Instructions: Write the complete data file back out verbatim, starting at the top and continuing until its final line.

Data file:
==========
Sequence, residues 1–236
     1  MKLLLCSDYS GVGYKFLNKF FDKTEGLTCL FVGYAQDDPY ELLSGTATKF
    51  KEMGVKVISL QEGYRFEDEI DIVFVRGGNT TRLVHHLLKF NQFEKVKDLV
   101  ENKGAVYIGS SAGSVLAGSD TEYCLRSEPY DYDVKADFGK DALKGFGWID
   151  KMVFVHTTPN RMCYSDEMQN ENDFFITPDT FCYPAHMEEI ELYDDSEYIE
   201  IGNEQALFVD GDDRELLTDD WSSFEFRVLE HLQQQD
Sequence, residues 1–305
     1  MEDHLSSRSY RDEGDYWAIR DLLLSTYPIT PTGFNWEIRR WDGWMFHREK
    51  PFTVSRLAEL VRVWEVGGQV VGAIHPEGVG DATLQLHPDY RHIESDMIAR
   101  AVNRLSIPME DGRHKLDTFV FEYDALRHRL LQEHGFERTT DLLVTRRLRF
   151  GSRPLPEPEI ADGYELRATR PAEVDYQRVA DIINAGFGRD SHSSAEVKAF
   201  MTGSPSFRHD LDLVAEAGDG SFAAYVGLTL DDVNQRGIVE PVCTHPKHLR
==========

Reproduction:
Sequence, residues 1–236
     1  MKLLLCSDYS GVGYKFLNKF FDKTEGLTCL FVGYAQDDPY ELLSGTATKF
    51  KEMGVKVISL QEGYRFEDEI DIVFVRGGNT TRLVHHLLKF NQFEKVKDLV
   101  ENKGAVYIGS SAGSVLAGSD TEYCLRSEPY DYDVKADFGK DALKGFGWID
   151  KMVFVHTTPN RMCYSDEMQN ENDFFITPDT FCYPAHMEEI ELYDDSEYIE
   201  IGNEQALFVD GDDRELLTDD WSSFEFRVLE HLQQQD
Sequence, residues 1–305
     1  MEDHLSSRSY RDEGDYWAIR DLLLSTYPIT PTGFNWEIRR WDGWMFHREK
    51  PFTVSRLAEL VRVWEVGGQV VGAIHPEGVG DATLQLHPDY RHIESDMIAR
   101  AVNRLSIPME DGRHKLDTFV FEYDALRHRL LQEHGFERTT DLLVTRRLRF
   151  GSRPLPEPEI ADGYELRATR PAEVDYQRVA DIINAGFGRD SHSSAEVKAF
   201  MTGSPSFRHD LDLVAEAGDG SFAAYVGLTL DDVNQRGIVE PVCTHPKHLR